Home Style Library

It can be hard to put your finger on the exact style you'd like for your home. To help, Andersen has done extensive research into 14 architectural styles and how windows and doors play a critical role in achieving them. We've compiled it all into our Home Style Library so you can browse and land on the perfect style for your home.

French Eclectic Home Style

French Eclectic

The French Eclectic style is not just one style, but rather a range of styles inspired by French architecture. Brought back to America by World War I soldiers returning home, it evolved into a very Americanized interpretation of the character and charm of the French countryside.

French Eclectic Style Elements

Essential Style Elements

  • Shallow-pitched roofs with deep overhangs and exposed rafter tails at the eave overhang
  • Decorative brackets at the rake overhang
  • Deep, broad porch elements with expressive structural components such as rafters, brackets and columns
  • A mixture of materials such as brick, shingles and siding
French Eclectic style windows

Quintessential Windows

A wide variety of window types are seen within the French Eclectic style. However, casement windows are the leading choice, while double-hung windows are also acceptable. Additionally, arched top windows are common and add a wonderful French countryside charm. Regardless of the type of window, shutters are often used and play a large role in the appearance of many French Eclectic style homes.
French Eclectic style doors

Quintessential Doors

The term “French Door” is often defined as any door unit consisting of two door panels, with at least one of the two panels being operable. While this type of door is common in all locations for French Eclectic style homes, single doors are also popular, especially at the main entrance. Whether it’s a double or a single door, the look of the door panels ranges from old-world rustic to formal, and even slightly contemporary. The most common main door features a segmented arch, although half-round arched or fl at top doors also fi t the style. Segmented arches and half-round arches are more appropriate for rustic designs such as homes with towers. Rectangular shapes are more common in formal-looking homes. Auxiliary side entrances are usually single doors with glazing comprising 1/3 to 3/4 of the door. Auxiliary patio doors are most often hinged double doors with either 3/4 glazing or full glazing.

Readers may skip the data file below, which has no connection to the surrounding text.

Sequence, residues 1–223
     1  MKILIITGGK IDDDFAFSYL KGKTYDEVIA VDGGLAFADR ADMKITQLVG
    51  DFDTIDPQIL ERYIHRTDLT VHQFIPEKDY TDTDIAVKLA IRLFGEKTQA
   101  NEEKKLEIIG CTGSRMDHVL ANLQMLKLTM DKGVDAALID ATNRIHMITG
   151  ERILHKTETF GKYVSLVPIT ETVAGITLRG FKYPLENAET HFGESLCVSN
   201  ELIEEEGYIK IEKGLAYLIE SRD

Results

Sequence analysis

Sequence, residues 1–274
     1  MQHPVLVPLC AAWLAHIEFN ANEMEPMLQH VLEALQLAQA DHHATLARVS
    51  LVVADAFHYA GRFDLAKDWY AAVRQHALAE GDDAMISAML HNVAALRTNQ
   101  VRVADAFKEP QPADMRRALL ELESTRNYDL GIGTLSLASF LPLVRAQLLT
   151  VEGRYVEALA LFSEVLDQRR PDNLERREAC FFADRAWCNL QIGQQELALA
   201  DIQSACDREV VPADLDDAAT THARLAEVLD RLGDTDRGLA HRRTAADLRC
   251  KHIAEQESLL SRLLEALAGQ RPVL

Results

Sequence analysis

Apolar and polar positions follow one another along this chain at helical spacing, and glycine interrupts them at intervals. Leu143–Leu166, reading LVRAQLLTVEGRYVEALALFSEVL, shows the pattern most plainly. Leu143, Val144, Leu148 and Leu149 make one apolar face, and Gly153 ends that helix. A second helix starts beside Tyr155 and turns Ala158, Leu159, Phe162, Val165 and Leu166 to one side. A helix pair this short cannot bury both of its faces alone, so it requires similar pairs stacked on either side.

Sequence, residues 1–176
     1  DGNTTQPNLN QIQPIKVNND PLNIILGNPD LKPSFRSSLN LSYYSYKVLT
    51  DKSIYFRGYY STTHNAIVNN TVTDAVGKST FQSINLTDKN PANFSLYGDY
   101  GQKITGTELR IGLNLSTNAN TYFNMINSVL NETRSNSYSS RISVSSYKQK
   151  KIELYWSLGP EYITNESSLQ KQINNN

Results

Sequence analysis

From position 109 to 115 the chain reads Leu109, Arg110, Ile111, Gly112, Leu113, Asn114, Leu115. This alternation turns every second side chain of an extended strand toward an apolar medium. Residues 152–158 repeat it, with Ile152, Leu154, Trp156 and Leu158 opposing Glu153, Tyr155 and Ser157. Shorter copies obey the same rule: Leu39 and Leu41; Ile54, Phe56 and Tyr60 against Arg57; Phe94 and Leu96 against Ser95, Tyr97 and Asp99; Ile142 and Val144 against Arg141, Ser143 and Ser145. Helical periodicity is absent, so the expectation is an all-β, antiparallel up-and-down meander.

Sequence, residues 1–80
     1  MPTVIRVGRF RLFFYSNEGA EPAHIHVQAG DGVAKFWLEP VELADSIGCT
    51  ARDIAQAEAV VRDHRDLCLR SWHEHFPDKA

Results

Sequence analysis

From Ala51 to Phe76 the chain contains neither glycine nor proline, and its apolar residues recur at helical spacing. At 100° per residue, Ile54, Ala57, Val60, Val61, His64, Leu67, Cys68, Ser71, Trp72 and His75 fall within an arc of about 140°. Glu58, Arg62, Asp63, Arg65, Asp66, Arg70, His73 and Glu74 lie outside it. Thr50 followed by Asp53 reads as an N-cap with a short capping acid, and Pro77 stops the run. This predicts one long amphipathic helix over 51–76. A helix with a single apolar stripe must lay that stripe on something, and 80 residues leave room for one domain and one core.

Colors and Finishes

French Eclectic style window colors range from white to a variety of earthy browns. Window frames and sash are typically the same color, while the window trim may either match the window color or be a complementary, contrasting color. The home’s siding is generally a light-colored stone or stucco.
Georgian Federal Exterior Colors
French Eclectic Interior Colors
French Eclectic Color Combinations

Color Combinations

This chart shows the various color combinations that make up the French Eclectic home style

Design Your Own French Eclectic Window Or Door

Start with a pre-designed window or door within our design tool, then make your own adjustments to end up with the perfect design you're looking for.


More On This Home Style

Pattern books from the Andersen Style Library present quintessential details of the most popular American architectural styles, with an emphasis on window and door design. The result of years of research, they exist to make it easier to create homes with architectural authenticity.

Download the pattern book below, or view it in the app (available from both iTunes and Google Play.)
DOWNLOAD PATTERN BOOK google play app itunes app
French Eclectic Home Style pattern book